So once again, the question is the same: Do we have enough oil in our lamps to continue on when it becomes clear that the reign of God has not yet come and our work has only just begun? Do we have the stamina to begin pushing Joe Biden on day one to take concrete steps toward dismantling systemic racism, extending health care to all people within our borders, addressing the disparity in wealth that falls most heavily on people of color and renew the country’s involvement in the international community’s efforts to combat climate change? Are we prepared to continue being gadflies goading our bishops toward racial reconciliation within the church that goes beyond preachy-screechy social statements and involves substantial financial support of Black churches and their ministries, thereby modeling the cry for reparations from a nation that was built on uncompensated Black labor? Are we prepared to keep pressing American church leaders  jointly to condemn American exceptionalism and Christian nationalism as nothing short of heresy?

And what if the third possibility materializes? What if we have no winner and no clear path toward resolving the electoral battle? I strongy suspect we will muddle through somehow. But then again, maybe not. Could this be the beginning of the end of American democracy as we know it? Could this impending crisis be the death rattle of an empire? Has our country had its day in the sun? Is it time for the United States finally to go the way of the Byzantine, Macadonian, Persian, Babylonian and Assyrian empires? God’s people throughout the ages have seen nations and empires come and go. “Crowns and thrones shall perish/kingdoms wax and wain” as the hymn goes. Does the American church, as symbiotically bonded with the American dream as it is, have enough of its soul left to carry on after that dream has been extinquished? Do we have the spiritual resources that enabled  the ancient church with its parishes, convents and monasteries to continue the gospel witness and care for the poorest of the poor in the wake of civilization’s collapse?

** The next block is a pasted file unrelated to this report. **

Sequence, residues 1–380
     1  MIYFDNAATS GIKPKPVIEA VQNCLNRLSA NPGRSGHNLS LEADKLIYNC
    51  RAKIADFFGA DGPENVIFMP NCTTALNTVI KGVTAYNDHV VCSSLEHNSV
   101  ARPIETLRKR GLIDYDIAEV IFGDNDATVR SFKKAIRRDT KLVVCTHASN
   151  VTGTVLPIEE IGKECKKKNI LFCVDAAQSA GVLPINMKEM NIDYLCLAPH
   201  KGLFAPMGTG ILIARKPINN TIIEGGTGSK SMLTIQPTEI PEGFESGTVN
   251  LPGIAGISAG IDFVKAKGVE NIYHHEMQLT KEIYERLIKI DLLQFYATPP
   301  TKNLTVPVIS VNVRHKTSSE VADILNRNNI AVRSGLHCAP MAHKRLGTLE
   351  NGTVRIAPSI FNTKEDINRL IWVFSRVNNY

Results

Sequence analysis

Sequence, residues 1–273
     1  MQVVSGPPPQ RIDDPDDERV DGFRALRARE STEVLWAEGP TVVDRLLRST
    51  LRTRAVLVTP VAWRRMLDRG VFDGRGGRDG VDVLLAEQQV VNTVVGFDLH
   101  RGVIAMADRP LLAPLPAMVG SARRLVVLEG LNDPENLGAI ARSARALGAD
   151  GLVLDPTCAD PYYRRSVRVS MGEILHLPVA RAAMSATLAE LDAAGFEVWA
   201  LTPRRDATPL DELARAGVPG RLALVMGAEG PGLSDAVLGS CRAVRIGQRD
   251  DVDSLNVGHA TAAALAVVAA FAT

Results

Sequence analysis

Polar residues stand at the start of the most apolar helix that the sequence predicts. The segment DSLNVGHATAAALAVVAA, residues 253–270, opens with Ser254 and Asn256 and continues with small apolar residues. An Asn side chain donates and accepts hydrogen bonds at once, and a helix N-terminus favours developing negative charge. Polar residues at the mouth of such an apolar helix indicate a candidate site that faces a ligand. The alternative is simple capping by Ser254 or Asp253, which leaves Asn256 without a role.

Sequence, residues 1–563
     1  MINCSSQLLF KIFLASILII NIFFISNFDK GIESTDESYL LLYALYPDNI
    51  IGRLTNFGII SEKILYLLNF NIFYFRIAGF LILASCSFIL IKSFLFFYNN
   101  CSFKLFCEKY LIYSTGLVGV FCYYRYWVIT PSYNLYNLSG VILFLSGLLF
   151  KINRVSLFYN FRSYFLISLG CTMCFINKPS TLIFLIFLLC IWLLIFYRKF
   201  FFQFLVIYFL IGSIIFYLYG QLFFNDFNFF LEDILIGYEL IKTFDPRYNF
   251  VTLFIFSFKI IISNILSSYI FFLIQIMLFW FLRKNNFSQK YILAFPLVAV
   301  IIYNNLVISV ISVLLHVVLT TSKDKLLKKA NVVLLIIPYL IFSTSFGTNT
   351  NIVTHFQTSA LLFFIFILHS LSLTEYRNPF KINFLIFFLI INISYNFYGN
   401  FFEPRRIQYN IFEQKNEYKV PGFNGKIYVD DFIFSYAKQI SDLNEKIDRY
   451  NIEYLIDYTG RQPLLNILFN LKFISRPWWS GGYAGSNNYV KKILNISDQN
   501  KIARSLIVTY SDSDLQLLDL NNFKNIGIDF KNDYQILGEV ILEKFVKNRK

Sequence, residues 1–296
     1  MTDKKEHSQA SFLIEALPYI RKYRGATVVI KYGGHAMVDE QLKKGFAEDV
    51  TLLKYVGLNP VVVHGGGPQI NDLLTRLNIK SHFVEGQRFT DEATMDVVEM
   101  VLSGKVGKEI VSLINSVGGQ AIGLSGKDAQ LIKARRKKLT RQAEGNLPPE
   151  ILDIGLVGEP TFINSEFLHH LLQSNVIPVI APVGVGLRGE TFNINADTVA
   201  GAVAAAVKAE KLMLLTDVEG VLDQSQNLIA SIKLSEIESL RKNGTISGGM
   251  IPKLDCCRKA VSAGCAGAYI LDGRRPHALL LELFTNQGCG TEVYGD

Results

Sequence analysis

Whatever the outcome tomorrow, the church’s task is the same: to bear witness in word and deed to Jesus and the reign of God he proclaims. Though it does not yet appear in its fullness, the light of that reign breaks in through the darkness to enlighten, encourage and inspire those who wait for it, long for it, stay awake watching for it and do whatever it takes for as long as it takes to bear faithful witness to it.

Here is a poem by Langston Hughes pondering the destiny of a dream deferred. Could the same observations apply to our longing for the reign of God, which at times appears hopelessly out of reach?

Harlem

What happens to a dream deferred?

      Does it dry up
      like a raisin in the sun?
      Or fester like a sore—
      And then run?
      Does it stink like rotten meat?
      Or crust and sugar over—
      like a syrupy sweet?
      Maybe it just sags

      like a heavy load.

Or does it explode?

Source: The Collected Works of Langston Hughes, (c. 2002 by Langston Hughes; pub. by Harold Ober Associates, Inc.) Langston Hughes was an important African American voice in the “Harlem Renaissance” of the 1920s. Though well-educated and widely traveled, Hughes’ poetry never strayed far from his roots in the African American community. Early in his career, Hughes’ work was criticized by some African American intellectuals for portraying what they viewed as an unflattering representation of back life. In a response to these critics, Hughes replied, “I didn’t know the upper class Negroes well enough to write much about them. I knew only the people I had grown up with, and they weren’t people whose shoes were always shined, who had been to Harvard, or who had heard of Bach. But they seemed to me good people, too.”  Today Langston Hughes is recognized globally as a towering literary figure of the 20th Century. You can read more about Hughes and discover more of his poetry at the Poetry Foundation website (from which the above quote is taken).